Called “a first-rate storyteller” by Kirkus Reviews and “a crime writer deliberately taking chances” by the Chicago Tribune, award-winning author Kris Nelscott tackles the turbulent era of the late ‘60s with hard-hitting historical mysteries.
The Smokey Dalton series:
Called “an outstanding series” by Booklist and “triumphant” by the Chicago Tribune, Kris Nelscott’s Smokey Dalton mysteries boast numerous awards, including finalists for the Edgar and Shamus awards.
The Oregonian says: “The Nelscott series setting, in the turbulent late ’60s, gives her books layers of issues of racism, class, and war, all of which still seem to remain sadly timely today.” And Entertainment Weekly says of the main character: “It’s not hard to draw parallels between Nelscott’s PI Smokey Dalton and Walter Mosley’s Easy Rawlins…”
A Gym of Her Own:
Coming in October 2017, A Gym of Her Own continues the story of Valentina “Val” Wilson (from the Smokey Dalton series) and introduces June “Eagle” Eagleton and Pamela “Pammy” Griffin to provide an amazing trip into the experiences and lives of 1969 Berkeley told with Nelscott’s usual riveting attention to detail.
Acclaim for the Smokey Dalton Series
• Edgar Award nomination
• Shamus nomination for Best Private Eye Hardcover Novel
• Winner of two Spotted Owl Awards for Best Mystery by a Northwest Writer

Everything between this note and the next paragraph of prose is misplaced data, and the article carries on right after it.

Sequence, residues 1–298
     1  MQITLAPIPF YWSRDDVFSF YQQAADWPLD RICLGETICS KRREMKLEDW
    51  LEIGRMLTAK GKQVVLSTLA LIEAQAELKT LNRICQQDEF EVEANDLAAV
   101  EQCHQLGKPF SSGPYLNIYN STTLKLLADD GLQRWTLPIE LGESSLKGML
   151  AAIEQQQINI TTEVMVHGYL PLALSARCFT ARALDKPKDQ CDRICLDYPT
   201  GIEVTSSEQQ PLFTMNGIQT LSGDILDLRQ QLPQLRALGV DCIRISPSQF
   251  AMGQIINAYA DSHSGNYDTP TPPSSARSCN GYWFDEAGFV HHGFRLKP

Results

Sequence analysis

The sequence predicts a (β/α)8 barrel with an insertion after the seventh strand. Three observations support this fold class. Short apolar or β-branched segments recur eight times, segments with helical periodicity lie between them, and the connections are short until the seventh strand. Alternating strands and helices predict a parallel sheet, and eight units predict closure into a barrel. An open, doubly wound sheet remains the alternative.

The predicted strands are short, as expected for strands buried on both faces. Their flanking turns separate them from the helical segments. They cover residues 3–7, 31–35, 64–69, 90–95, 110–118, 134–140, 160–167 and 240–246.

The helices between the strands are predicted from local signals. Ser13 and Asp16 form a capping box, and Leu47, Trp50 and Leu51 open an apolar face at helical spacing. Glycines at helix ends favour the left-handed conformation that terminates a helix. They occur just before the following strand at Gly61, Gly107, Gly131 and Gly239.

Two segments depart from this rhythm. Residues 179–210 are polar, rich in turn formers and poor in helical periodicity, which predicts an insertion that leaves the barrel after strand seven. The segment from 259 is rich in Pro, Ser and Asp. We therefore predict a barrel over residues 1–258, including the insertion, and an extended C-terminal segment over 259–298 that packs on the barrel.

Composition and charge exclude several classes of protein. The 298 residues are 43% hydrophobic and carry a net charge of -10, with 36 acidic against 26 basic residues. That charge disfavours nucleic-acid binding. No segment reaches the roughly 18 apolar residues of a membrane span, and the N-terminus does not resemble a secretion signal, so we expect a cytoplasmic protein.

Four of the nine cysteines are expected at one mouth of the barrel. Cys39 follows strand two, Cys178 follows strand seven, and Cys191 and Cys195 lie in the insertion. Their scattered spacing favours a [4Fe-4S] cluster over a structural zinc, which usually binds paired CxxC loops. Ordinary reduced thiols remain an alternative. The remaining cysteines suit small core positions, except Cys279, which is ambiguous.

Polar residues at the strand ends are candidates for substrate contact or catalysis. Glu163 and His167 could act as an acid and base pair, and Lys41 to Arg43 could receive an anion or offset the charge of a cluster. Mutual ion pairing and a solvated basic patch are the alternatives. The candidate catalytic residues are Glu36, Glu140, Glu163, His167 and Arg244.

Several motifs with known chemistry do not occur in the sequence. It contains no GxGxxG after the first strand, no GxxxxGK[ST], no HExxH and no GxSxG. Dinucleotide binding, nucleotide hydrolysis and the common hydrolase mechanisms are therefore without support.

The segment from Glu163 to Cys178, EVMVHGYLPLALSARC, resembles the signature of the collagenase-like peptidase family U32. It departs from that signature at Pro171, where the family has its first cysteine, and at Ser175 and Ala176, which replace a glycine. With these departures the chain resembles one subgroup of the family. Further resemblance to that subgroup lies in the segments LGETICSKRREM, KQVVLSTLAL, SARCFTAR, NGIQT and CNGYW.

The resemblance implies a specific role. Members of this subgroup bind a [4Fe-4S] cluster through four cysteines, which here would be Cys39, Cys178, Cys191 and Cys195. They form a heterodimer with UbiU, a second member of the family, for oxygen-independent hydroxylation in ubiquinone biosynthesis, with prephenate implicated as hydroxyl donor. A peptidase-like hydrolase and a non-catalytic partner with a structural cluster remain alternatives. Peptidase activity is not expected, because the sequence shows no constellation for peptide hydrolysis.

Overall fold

• Oregon Book Award Nomination
Praise for the Smokey Dalton Series
“Nelscott’s series setting, in the turbulent late ’60s, gives her books layers of issues of racism, class, and war, all of which still seem to remain sadly timely today.” —Oregonian
“Nelscott has her own, very distinct voice, and her series creates its own deeply satisfying pleasures and cogent points.” —Seattle Times
“Nelscott is good at conveying the edgy caution that blacks once brought to their movements among white society.” —Houston Chronicle
“(A) crime writer deliberately taking chances.” —Chicago Tribune
“It’s not hard to draw parallels between Nelscott’s PI Smokey Dalton and Walter Mosley’s Easy Rawlins, another secretive, canny black man trying to solve mysteries while circumspectly navigating the white world. But Dalton’s no knock-off. (Would you label the hundreds of hard-boiled detectives who’ve appeared in Raymond Chandler’s wake mere Marlow Xeroxes because they’re white?) —Entertainment Weekly
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